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Currently Viewing: Precision Farming Dealer Newsletter: June 19, 2014
PFD: Editorial: Don't be Camera Shy When it Comes to Precision Help: June 19, 2014

Virtual Terminal

June 19, 2014

Don’t be Camera Shy When it
Comes to Precision Help

Jack Zemlicka, Technology Editor

Having spent a fair amount of time working on either side of a video camera for this job — a Scorcese or Brando I am not — I can appreciate the importance of trying to capture or deliver a meaningful message to our readers.

This is something that precision farming specialists should know as well, especially when it comes to helping customers understand how to use technology. Dealers don’t always have enough hours in the day to repeatedly refresh farmers on precision basics, so some are turning to an alternative method of customer training; the online tutorial.

We recently reported on Iowa-based Vetter Equipment launching a series of video aids and other dealers are following suit, including Birkey’s Farm Stores, based in Illinois. Birkey’s precision farming specialist Darin Kennelly got in front of the camera to provide “how to” videos on setting up an A-B guidance line and setting up swath selection.

“We did the first one for a customer who purchased a couple of tractors and he wanted a tutorial because a lot of his operators were used to John Deere equipment, and had never run Case IH systems before,” Kennelly says. “We ended up having quite a few customers call in or contact us to let us know how beneficial the video was for them.”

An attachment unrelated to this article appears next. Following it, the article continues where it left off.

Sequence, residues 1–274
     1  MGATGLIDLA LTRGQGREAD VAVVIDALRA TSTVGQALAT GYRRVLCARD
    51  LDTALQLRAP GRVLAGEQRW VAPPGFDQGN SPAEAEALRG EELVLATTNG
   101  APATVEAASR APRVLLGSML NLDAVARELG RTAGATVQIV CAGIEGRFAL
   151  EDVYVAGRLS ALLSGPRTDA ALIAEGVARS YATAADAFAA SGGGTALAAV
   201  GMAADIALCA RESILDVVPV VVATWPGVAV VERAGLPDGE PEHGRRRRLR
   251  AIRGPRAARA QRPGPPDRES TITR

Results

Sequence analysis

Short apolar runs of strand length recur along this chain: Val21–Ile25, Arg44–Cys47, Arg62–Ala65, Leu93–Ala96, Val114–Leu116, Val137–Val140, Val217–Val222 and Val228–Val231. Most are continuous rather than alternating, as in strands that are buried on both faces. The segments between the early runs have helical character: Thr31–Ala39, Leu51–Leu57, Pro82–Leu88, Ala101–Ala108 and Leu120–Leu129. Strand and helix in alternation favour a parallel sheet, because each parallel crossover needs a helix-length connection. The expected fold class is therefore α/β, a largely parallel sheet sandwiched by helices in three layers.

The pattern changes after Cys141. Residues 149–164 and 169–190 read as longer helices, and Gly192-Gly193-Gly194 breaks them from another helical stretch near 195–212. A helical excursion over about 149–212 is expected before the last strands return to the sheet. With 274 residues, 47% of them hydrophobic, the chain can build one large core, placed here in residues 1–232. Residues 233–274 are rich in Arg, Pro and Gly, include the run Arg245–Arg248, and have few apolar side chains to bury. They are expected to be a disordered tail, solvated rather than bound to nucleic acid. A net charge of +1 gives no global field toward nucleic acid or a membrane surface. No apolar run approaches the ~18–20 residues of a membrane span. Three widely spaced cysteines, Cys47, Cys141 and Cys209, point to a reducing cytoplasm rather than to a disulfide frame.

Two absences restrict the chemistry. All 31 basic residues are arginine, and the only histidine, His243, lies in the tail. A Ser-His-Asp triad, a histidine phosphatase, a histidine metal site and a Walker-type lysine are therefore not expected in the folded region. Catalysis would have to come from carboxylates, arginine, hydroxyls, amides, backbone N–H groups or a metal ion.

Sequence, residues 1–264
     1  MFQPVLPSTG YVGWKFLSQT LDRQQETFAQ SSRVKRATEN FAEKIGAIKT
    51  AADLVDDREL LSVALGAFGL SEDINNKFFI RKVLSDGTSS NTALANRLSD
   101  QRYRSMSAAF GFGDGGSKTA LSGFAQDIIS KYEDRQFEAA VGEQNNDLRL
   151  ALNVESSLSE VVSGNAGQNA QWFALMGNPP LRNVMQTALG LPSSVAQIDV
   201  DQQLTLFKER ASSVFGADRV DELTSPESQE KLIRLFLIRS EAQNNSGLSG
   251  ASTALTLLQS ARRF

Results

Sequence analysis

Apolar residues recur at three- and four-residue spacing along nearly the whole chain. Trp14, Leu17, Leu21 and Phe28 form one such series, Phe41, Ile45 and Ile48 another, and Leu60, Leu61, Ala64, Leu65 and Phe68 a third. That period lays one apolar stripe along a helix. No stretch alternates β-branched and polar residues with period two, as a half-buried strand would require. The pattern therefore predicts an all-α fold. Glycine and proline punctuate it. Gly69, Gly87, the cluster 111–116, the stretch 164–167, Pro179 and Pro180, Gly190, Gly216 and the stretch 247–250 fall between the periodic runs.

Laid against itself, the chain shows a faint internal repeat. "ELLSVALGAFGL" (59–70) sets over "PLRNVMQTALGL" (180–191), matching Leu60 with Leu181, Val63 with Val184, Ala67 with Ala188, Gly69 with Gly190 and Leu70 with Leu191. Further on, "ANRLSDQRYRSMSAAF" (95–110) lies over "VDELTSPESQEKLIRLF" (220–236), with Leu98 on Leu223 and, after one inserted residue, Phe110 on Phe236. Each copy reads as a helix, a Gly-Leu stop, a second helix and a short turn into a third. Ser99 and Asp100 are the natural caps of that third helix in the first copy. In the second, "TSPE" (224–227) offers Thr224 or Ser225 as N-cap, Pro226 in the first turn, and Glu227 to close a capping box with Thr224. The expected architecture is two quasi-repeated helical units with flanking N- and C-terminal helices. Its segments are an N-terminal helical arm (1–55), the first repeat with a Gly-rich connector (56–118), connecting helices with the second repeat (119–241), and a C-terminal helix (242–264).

Given the relatively small amount of time needed to film and post precision tutorials online, I was somewhat surprised how few of these dealer-produced videos I was able to find on YouTube, compared to farmer and manufacturer perspectives on using precision technology.

That’s not to say there aren’t a few dealers taking advantage of the medium, but this seems like a extremely worthwhile way to connect with customers and add another layer of service, which many specialists agree is what separates one precision dealer from another these days.

There is also the ‘do-it-yourself’ mentality, which seems to be more common with consumers who are only a few keystrokes away from having someone show them how to solve a problem. I know I’ve tapped the YouTube universe for help fixing my oven and garage door, so why wouldn’t farm customers do the same for simple precision farming fixes?

It will be interesting to see if more dealers begin to develop their own library of precision tutorials and how they may be able to leverage these offerings to boost business.

“These videos aren’t probably going to provide a direct source of revenue, but it lets customers who buy equipment from us know that we’ll be there to support them,” Kennelly says. “That keeps them coming back.”


Jack Zemlicka
Technology Editor


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